Jigme Khesar Namgyel Wangchuck
King of Bhutan
Druk Gyalpo (Dragon King)
Druk Gyalpo
Reign9 December 2006–present
Coronation1 November 2008
PredecessorJigme Singye Wangchuck
Heir apparentCrown Prince Jigme Namgyel Wangchuck[1]
Prime Ministers
Born (1980-02-21) 21 February 1980 (age 41)
Kathmandu, Nepal[2][3]
(m. 2011)
IssuePrince Jigme Namgyel Wangchuck
Prince Jigme Ugyen Wangchuck
Standard Tibetanའཇིགས་མེད་གེ་སར་རྣམ་རྒྱལ་དབང་ཕྱུག
FatherJigme Singye Wangchuck
MotherTshering Yangdon
ReligionVajrayana Buddhism

Jigme Khesar Namgyel Wangchuck (Dzongkha: འཇིགས་མེད་གེ་སར་རྣམ་རྒྱལ་དབང་ཕྱུག་, Wylie: jigs med ge sar rnam rgyal dbang phyug;[4] born 21 February 1980) is Druk Gyalpo or "Dragon King" of the Kingdom of Bhutan.[5] After his father Jigme Singye Wangchuck abdicated the throne in his favour, he became the monarch on 9 December 2006. A public coronation ceremony was held on 1 November 2008, a year that marked 100 years of monarchy in Bhutan.

Early life and education

Khesar is the eldest son of the fourth Dragon King of Bhutan,[6] Jigme Singye Wangchuck, and his third wife, Queen Ashi Tshering Yangdon.[7] He has a younger sister, Princess Ashi Dechen Yangzom, and brother, Prince Gyaltshab Jigme Dorji, as well as four half-sisters and three half-brothers.[8]

After completing his higher secondary studies at Yangchenphug High School, Khesar studied abroad at Phillips Academy Andover with the Class of 1998, then transferred to Cushing Academy, where he finished high school. He then attended Wheaton College before graduating from Magdalen College, University of Oxford, where he completed the Foreign Service Programme and International Relations.[9]

Crown Prince

The Crown Prince, popularly known to the people of Bhutan as 'Dasho Khesar', accompanied his father on his many tours throughout the Kingdom to meet and speak to the people. He also officially represented Bhutan on several international events. On 8 May 2002, he represented Bhutan at the 27th UN General Assembly and made his first speech to the United Nations, addressing issues related to the welfare of millions of children around the world.[10] He attended Thai King Bhumibol Adulyadej's 60th Anniversary Celebrations on 12–13 June 2006 in Bangkok along with royals from 25 countries.[11]

On 25 June 2002 the Crown Prince was awarded the Red Scarf by his father.[12]

Trongsa Penlop

On 31 October 2004, Khesar was installed as the 16th Trongsa Penlop[13] in Trongsa Dzong. The institution of the Trongsa Penlop, started by Zhabdrung Ngawang Namgyal in 1647, signifies the true heritage to the Bhutanese Throne and the investiture ceremony of the Trongsa Penlop is the formal declaration of this status of the Crown Prince.[14]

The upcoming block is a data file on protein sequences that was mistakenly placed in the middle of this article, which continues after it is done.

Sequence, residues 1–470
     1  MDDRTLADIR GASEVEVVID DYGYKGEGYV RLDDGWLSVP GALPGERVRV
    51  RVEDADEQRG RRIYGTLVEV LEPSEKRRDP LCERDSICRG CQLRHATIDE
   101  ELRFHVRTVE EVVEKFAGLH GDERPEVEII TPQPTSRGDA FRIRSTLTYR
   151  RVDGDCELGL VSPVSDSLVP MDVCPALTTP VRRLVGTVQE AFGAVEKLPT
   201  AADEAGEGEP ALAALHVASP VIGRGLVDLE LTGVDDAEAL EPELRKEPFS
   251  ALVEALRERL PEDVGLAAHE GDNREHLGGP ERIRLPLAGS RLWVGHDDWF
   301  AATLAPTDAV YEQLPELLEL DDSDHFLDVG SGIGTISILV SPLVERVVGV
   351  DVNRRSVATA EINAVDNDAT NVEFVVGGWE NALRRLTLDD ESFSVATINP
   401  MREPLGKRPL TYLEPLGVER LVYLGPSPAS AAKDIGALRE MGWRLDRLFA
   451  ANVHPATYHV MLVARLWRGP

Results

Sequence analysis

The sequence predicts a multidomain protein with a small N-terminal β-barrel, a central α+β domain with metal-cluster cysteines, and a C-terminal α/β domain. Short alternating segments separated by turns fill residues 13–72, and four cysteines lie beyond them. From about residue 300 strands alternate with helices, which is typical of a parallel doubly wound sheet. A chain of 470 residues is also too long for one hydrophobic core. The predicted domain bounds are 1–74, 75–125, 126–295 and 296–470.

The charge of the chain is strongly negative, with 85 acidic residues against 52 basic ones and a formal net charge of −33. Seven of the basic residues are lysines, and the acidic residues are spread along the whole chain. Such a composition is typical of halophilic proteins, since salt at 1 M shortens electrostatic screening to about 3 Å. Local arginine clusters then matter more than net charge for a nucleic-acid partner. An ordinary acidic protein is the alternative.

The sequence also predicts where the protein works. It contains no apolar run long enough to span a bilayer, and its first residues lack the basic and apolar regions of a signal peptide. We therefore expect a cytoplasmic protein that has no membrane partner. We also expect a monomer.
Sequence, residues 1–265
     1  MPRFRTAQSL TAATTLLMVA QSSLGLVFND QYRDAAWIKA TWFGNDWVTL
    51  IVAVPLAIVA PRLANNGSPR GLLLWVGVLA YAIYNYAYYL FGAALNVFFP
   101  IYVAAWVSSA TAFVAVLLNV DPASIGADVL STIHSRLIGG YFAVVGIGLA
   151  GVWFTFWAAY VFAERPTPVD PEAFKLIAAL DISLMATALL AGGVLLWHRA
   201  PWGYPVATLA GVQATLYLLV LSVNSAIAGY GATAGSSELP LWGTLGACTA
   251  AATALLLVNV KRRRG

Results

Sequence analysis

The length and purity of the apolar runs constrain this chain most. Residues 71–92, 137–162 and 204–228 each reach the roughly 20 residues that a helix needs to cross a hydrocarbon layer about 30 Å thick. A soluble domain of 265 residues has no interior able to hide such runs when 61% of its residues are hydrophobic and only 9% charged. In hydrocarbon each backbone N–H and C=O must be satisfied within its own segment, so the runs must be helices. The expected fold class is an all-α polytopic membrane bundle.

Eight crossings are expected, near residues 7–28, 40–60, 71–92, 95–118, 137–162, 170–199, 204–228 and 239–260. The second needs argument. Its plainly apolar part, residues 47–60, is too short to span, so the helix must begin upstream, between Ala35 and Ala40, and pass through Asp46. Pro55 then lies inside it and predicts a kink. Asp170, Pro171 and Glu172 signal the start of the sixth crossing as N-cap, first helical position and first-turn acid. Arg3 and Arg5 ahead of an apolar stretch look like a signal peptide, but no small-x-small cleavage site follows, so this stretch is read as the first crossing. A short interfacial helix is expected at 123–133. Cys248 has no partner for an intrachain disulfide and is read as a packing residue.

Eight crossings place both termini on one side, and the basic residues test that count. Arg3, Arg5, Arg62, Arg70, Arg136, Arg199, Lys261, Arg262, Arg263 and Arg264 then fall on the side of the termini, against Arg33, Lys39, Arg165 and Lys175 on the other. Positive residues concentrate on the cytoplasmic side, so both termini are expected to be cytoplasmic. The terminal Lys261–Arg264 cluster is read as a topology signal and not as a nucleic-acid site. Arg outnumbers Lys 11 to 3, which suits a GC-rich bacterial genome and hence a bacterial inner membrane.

Ascension to the throne

In December 2005, King Jigme Singye Wangchuck announced his intention to abdicate in his son's favour in 2008, and that he would begin handing over responsibility to him immediately.[15] On 9 December 2006, the former King issued a Royal Edict announcing his abdication, and transferred the throne to Jigme Khesar Namgyel Wangchuck,[16] who was officially crowned on 6 November 2008,[17][18] in Punakha. Religious ceremonies and public celebrations were also held at Tashichho Dzong and Changlimithang Stadium in Thimphu. The coronation ceremony comprised an ancient and colourful ritual, attended by few selected foreign friends of the royal family and dignitaries, including the then-President of India, Pratibha Patil.[19][20]

To welcome Khesar as King of Bhutan, people painted street signs, hung festive banners and decorated traffic circles with fresh flowers.[21][22] He received white, yellow, red, green, and blue silk scarves.[23]


Royal wedding

Main article: Wedding of Jigme Khesar Namgyel Wangchuck and Jetsun Pema

As he opened the session of parliament on Friday, 20 May 2011, the King announced his engagement to Jetsun Pema, born in Thimphu on 4 June 1990. They were married on 13 October 2011 in Punakha Dzong. The wedding was Bhutan's largest media event ever. The ceremony was held in Punakha, followed by formal visits to different parts of the country. During the ceremony the King also received the Phoenix Crown of the Druk Gyaltsuen (Dragon Queen) from the most sacred Machhen temple of the Dzong and bestowed it on Jetsun Pema, formally proclaiming her Queen of the Kingdom of Bhutan. The wedding was held in traditional style with the "blessings of the guardian deities".[24][25][26]


On 11 November 2015, it was announced that the King and Queen of Bhutan were expecting their first child, a son, early in 2016.[27][28] They announced the arrival of their son[29] Jigme Namgyel Wangchuck, who was born in Lingkana Palace in Thimphu, on 5 February 2016.[30]

On 17 December 2019, it was reported that they were expecting their second child, to be born in Spring 2020.[31] Their second son was born in Lingkana Palace in Thimphu on 19 March 2020.[32][33][34][35] They formally uploaded the photo of their second son on 31 March 2020, through the official Facebook page.[36] On 30 June 2020, the Royal Family announced that the second Gyalsey had been named Jigme Ugyen Wangchuck, and would be known as His Royal Highness Gyalsey Ugyen Wangchuck.[37][38]

As king


The young king began his reign overseeing the democratization of Bhutan by presiding over the last sessions of the parliament where electoral laws, land reform and other important issues were debated.[39] He said that the responsibility of this generation of Bhutanese was to ensure the success of democracy. He traveled extensively to explain and discuss the Draft Constitution of Bhutan with the people and to encourage participation in the upcoming democratic exercises. He continues such visits, speaking mainly to young people on the need for Bhutanese to strive for higher standards in education, business, civil service, and the need for people of a small country to work harder than those of others.[40][41]